The Ninth Circuit Court of Appeals has just ruled that Proposition 8 is unconstitutional! We knew all along that Prop 8 was wrong, and this ruling affirms what millions of people all across the country already know — loving, committed same-sex couples and their families should be able to share in the celebration and obligations of marriage.
This is a huge victory in the battle for marriage equality, but this fight is far from over.
The federal government still refuses to recognize our families. The so-called Defense of Marriage Act remains the law of the land, and thousands of loving families are denied the protections, rights, and responsibilities that other married couples take for granted. The Obama Administration has refused to defend DOMA. It’s time for Congress to repeal it.
At last month’s 102nd annual convention of the National Association for the Advancement of Colored People, a historic workshop focused on overcoming homophobia within the black community. As an African American, heterosexual, male pastor of a traditionally black Baptist church in the inner city of Washington, D.C., I was glad to see this legendary organization take this small but important step in its increasingly inclusive perspective on civil rights.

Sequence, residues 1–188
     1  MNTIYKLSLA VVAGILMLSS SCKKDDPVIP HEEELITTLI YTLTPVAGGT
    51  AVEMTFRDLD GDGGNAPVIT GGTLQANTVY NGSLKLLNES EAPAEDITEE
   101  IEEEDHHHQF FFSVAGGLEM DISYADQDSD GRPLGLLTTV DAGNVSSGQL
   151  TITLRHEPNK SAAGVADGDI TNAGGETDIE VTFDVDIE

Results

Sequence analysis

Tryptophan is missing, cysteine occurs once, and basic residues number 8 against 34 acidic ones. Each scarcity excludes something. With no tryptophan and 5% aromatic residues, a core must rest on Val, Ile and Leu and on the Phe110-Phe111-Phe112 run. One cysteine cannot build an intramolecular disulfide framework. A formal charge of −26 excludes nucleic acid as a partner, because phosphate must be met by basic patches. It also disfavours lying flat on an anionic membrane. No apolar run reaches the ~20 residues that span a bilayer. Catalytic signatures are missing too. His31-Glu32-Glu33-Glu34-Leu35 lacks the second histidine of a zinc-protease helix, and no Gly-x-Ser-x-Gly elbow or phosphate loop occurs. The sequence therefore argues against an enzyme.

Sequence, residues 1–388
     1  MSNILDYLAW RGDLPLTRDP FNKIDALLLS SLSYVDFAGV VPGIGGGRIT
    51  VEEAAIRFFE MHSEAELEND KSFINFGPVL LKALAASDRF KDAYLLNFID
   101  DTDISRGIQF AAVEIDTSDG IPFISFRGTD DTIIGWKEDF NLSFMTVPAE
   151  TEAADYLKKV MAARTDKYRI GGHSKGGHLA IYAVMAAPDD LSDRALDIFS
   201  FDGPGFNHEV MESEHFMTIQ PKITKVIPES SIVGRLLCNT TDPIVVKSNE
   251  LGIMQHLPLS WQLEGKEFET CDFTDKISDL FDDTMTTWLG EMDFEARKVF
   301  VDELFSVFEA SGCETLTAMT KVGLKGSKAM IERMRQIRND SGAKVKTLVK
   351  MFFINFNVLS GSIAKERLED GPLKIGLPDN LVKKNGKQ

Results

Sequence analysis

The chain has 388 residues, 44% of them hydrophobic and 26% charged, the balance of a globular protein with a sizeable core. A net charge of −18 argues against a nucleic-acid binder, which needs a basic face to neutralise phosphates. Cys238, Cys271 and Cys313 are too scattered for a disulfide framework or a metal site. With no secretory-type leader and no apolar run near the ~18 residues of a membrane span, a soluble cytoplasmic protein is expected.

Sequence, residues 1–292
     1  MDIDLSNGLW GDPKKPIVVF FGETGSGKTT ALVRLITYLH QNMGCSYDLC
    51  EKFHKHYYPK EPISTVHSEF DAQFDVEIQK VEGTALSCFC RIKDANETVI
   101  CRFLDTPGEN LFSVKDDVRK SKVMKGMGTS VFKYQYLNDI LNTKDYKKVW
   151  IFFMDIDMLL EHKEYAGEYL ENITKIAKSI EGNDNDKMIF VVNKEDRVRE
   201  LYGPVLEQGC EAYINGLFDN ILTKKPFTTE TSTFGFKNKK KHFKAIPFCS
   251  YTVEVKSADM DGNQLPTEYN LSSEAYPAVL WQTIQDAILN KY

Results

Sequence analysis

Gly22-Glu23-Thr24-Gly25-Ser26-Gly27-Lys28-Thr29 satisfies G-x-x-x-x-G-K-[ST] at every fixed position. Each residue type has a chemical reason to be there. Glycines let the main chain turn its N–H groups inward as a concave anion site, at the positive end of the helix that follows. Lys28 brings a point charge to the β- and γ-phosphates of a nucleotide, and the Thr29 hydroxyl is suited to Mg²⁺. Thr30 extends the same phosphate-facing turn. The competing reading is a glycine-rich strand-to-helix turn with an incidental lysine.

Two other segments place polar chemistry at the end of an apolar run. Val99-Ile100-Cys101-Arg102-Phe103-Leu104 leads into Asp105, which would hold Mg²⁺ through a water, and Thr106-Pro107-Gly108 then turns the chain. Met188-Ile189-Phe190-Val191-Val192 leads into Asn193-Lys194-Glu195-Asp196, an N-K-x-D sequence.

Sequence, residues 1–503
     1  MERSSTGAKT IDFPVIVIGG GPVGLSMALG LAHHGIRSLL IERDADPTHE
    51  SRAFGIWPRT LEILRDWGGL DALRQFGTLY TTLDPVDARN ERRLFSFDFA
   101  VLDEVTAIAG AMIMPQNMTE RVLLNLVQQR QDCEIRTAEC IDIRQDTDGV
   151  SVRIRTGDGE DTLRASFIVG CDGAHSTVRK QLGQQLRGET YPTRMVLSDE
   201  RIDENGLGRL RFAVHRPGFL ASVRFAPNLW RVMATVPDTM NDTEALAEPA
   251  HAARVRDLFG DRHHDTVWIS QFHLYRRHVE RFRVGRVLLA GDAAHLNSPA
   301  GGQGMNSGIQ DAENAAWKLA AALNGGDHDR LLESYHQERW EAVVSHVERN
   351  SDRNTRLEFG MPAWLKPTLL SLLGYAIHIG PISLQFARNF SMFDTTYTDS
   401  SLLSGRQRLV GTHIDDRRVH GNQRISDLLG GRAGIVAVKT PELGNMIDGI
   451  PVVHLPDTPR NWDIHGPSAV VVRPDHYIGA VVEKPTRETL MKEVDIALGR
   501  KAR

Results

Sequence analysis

There are some, however, including the Rev. Keith Ratliff Sr., an NAACP national board member, who see no parallel between gay rights and civil rights. Expressing this conviction at a rally last May, he demanded that the gay community “stop hijacking the civil rights movement.”
This statement, subtly suggesting that “civil rights” is a black issue and “gay rights” is a white issue, implies that lesbian, gay, bisexual, and transgender, or LGBT, equality is not a priority for black people. This sentiment, particularly prevalent regarding the issue of marriage equality, is often expressed in a variety of ways, including, “This is not our issue,” “This is not a priority for the black community,” and, “We have more critical matters to consider.”